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Vedic Yajna in Kerala – The World’s Oldest Surviving Ritual – Athirathram from April 4, 2011

Vedic Yajna (Yajgya or sacrifice or ritual) is performed for the prosperity of human race through peaceful co-existence with nature by energizing the various forces in nature – especially sun. Agni, fire, that represents Sun, the Prathyaksha Brahman or Visible God, in Sanatana Dharma, is worshipped during the Yajna. This vedic ritual is known as Athirathram and is one of the world’s oldest surviving ritual. The 12-day ritual begins on April 4, 2011 and ends on April 15, 2011 at at Panjal in Thrissur District in Kerala.
The saddest part during a Vedic Yajna today is that often the spiritual meaning and traditional values associated with it are buried beneath superficial things associated with the yajna. Vedic Yajna is not performed for miracles neither are they meant to invoke any deity and achieve materialistic gains. All Vedic yajnas are aimed at propitiating various elements in nature – a deep understanding that the existence of human race depends on the elements in nature. The very same energy that is in Sun is found in all living and nonliving beings – realizing this Supreme Truth is Moksha or Liberation.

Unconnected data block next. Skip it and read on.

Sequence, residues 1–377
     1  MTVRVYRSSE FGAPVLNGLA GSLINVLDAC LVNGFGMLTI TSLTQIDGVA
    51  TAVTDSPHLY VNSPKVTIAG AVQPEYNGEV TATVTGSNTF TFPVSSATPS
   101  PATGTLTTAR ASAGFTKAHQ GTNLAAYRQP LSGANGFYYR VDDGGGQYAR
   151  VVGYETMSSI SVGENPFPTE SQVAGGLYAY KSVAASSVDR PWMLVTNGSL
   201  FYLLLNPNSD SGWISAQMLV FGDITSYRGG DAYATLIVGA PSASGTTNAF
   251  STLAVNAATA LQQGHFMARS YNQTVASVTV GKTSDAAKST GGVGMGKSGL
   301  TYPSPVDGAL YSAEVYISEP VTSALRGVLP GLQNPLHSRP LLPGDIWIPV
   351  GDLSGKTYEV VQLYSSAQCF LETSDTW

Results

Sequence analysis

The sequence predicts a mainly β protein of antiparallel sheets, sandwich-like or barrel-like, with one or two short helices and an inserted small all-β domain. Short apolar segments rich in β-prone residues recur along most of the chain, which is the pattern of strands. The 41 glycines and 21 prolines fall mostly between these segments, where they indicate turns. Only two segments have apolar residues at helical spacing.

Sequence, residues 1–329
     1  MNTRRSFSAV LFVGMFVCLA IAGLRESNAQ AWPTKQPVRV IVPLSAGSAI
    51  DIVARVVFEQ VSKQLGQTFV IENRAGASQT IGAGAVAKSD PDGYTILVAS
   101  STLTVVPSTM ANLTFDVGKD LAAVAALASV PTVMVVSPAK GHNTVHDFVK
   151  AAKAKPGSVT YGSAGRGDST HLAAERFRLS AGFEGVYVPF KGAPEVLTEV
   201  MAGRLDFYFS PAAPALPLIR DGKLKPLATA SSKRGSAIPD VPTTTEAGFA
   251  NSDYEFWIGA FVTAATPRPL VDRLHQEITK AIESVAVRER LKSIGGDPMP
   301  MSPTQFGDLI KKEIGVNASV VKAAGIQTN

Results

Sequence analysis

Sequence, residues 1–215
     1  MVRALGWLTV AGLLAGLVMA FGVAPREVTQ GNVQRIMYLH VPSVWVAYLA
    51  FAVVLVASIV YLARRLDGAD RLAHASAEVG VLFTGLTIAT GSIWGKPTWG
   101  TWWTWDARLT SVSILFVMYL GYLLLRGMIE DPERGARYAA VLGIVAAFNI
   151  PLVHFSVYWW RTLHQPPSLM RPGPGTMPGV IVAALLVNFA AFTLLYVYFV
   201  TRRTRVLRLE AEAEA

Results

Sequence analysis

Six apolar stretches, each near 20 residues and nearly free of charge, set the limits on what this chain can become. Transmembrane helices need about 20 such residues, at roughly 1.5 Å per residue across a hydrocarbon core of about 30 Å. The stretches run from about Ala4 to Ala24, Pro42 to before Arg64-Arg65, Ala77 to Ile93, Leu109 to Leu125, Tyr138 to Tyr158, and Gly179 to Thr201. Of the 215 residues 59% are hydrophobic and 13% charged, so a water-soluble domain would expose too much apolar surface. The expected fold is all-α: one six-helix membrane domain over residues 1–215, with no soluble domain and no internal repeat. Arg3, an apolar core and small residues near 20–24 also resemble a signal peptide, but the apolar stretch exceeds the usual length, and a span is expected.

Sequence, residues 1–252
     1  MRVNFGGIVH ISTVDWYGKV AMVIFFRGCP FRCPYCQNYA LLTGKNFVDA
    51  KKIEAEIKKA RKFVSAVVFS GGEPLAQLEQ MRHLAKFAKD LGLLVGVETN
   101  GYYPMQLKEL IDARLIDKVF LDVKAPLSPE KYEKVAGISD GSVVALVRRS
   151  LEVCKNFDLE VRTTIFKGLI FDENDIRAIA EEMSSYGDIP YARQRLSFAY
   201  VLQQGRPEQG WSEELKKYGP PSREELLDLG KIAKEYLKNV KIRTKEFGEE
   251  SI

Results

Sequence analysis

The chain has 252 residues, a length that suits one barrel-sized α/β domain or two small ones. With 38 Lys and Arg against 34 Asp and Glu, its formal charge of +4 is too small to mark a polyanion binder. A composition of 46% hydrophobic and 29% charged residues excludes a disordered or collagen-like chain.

Athirathram is performed very rarely in modern times – the reasons are many – two of the most important reasons are money and sacred items required for the yajna.
Athirathram is part of the Srauta ritual and showcases the oral tradition the great learning of the three Vedas (Rig – Yajur – Sama) and their supplementary texts. 
Namboothri Brahmins in Kerala have been keeping the Srauta Tradition alive from the Vedic times to the present day. It is they who perform the ritual.
In modern times, three of the previous Athirathrams were held in 1975, 1990 and 2006.
Putillattu Ramanajan Somayaji will be Yajamana or the high priest of the Panjal Athirathram.
To learn more about Panjal Athirathram 2011 – you can visit the official website here.